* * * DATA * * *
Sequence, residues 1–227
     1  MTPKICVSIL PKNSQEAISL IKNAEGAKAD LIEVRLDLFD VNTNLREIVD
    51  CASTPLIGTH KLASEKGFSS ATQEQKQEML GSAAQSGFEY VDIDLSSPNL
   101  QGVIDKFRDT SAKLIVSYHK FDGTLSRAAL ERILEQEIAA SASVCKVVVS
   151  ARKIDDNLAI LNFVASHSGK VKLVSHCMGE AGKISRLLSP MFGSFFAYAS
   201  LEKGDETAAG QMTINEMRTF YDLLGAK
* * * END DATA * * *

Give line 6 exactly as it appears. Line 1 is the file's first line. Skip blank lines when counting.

   201  LEKGDETAAG QMTINEMRTF YDLLGAK